Dear Democracy Now! Visitor: We are an independent, ad-free daily news program that serves millions of viewers and listeners each month. Our show is special because we make it our priority to go where the silence is. We put a spotlight on corporate and government abuses of power and lift up the stories of ordinary people working to make change in extraordinary times. We do all of this with just a fraction of the budget and staff of a commercial news show. We do it without ads, corporate sponsorship or government funding. How is this possible? Only with your support. If everyone who visited our website in the next week donated just $15, we would cover all of our operating costs for the year. We can't do it without you. Please donate today. It takes just a couple of minutes to do your part to make sure Democracy Now! is there for you and everybody else.

Your Donation: $

Thursday, May 9, 1996

download:   Get CD/DVD More Formats
  • Speech by Noam Chomsky, "The Corporate War on Working People"

    The phrase "Class Warfare" has been coming up a lot in recent months. It seems that the charge is leveled against any public official who speaks honestly about the economic realities facing millions of Americans. Usually it’s Democrats, or people on the left, who are accused of waging class warfare when they push for an increase in the minimum wage, fight for labor rights, or commit the ultimate heresy of acknowledging there’s something fundamentally wrong with the growing gap between rich and poor in the U.S. Class Warfare is going on in America, says Noam Chomsky, but its the corporations who are waging that war and their targets are working people, struggling to get by in a time when corporate profits are skyrocketing, government is turning its back and the American dream is slipping away.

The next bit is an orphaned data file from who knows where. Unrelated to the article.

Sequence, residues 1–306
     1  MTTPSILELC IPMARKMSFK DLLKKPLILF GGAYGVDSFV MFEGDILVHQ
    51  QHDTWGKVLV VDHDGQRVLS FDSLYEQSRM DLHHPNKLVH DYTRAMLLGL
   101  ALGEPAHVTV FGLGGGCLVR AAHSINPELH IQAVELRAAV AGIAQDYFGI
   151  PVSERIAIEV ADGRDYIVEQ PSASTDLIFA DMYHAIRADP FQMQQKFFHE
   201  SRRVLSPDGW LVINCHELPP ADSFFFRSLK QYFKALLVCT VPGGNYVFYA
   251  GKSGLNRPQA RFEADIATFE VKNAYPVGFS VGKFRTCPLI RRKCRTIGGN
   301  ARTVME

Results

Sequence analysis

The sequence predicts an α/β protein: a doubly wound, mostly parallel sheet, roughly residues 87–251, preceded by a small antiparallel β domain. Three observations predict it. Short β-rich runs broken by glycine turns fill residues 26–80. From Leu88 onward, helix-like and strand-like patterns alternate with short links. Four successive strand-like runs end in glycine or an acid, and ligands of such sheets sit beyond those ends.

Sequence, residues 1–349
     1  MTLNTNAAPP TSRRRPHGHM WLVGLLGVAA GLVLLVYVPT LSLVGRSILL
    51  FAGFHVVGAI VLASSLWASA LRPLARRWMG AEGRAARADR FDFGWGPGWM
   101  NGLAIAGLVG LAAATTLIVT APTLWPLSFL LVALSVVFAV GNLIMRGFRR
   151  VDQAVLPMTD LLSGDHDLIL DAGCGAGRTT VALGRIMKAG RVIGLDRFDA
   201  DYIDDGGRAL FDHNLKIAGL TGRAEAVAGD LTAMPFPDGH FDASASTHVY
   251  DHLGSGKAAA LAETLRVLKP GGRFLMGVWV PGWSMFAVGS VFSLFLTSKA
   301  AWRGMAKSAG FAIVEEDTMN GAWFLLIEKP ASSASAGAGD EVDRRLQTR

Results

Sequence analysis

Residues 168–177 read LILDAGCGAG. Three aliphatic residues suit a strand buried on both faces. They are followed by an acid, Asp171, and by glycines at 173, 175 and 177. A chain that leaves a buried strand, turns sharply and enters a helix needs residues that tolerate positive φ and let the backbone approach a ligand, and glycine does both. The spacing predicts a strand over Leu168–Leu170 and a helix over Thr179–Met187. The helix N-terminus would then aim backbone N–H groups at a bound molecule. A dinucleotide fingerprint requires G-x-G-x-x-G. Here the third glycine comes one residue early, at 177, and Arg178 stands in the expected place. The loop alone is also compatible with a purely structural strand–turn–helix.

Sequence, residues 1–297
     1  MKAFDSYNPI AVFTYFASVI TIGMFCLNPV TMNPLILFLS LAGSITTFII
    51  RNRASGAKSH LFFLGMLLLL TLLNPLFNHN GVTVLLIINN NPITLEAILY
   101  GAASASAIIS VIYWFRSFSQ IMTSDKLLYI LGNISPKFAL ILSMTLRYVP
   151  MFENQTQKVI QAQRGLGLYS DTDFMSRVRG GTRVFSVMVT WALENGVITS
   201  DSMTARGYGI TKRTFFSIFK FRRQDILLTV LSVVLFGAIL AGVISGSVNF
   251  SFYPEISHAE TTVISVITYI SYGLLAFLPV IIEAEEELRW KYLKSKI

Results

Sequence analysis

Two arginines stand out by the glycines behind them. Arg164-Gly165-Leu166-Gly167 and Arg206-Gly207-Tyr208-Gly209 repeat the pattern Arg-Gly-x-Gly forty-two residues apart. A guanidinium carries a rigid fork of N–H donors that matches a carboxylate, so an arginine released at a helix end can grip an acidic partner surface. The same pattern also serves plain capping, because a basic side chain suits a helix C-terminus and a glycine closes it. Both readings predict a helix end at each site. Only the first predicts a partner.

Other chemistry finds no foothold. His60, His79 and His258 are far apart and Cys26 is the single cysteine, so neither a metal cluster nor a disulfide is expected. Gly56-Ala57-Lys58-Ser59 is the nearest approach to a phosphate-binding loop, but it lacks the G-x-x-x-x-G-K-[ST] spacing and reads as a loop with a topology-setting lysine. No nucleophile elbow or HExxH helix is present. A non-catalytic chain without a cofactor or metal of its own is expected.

• Living Democracy

    Thursdays on Democracy Now, we try to bring you stories of grassroots activists who are making a difference in their communities, people who are introducing new ideas or new strategies for social change. Today, we look at the issue of technology and what the implications of rapid technological growth are for our democratic institutions.

  • Lesbian and Gay Marriage

    Three Republican lawmakers have introduced a bill in the House that would keep same sex marriage from becoming legal under federal law. Reverend Lou Sheldon of the Traditional Values Coalition helped draft the law which would leave the issue of recognizing gay marriage up to individual states. Hawaii may become the first state to legalize same sex marriages and the legislators want to make sure that no other states, nor the federal government would be forced to recognize those marriages. In anticipation of the Hawaii case going to the U.S. Supreme Court, 33 states have taken up bills attacking same sex unions.